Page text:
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Compilers is a huge topic. Think a topic the size of databases, with way less visibility.

The Dragon book is probably the best introductory text. The new version that came out a few years ago actually did improve the original text a fair bit. Although there is a lack of discussion about SSA in the text.

While most compiler books spend most of the text talking about the front-end of the compiler the crazy interesting stuff is in the backend. The new Dragon book greatly improves here over the old one, but I'd also recommend two other texts:

1) Morgan, Building an Optimizing Compiler -- some people love the writing style. Others hate it, but the material is solid. 2) Muchnick, Advanced Compiler Design and Implementation -- Great book. Must read if you're serious about optimizations.




I enjoyed Muchnick as well, That said, even good Computer Architecture books cover a quite a bit about the basic optimizations of a modern compiler.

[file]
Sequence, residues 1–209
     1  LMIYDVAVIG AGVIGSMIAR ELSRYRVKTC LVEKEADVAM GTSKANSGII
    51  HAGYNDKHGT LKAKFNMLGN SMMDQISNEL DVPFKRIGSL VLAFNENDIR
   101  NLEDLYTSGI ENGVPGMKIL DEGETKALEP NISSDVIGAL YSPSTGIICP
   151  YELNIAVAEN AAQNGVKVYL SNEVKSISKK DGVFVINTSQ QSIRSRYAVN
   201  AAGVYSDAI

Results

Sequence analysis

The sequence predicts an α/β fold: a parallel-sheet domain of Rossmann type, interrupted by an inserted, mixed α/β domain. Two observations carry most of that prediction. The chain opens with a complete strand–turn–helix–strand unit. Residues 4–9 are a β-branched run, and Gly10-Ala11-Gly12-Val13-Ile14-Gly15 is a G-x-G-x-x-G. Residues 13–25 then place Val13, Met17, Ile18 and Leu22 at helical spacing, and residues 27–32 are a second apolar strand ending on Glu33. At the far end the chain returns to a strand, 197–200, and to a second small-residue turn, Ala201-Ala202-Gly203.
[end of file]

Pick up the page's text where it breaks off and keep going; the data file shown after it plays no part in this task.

Computer Architecture: A Quantitative Approach, 4th Edition by Hennessy and Patterson. the Patterson and Hennessy is a good book to start with, too.

My knowledge is way out of date, but I think even back in 2000 those books were a bit behind the times in terms of optimizations production compilers do. For instance, there was little in-depth treatment of hot-cold optimizations in the 2nd edition.

The tension between processor architects and compiler writers is a constant theme.

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Hey, no fair citing a "must read" book which is $100+ on Amazon.com. :(

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Citeseer is free. :)

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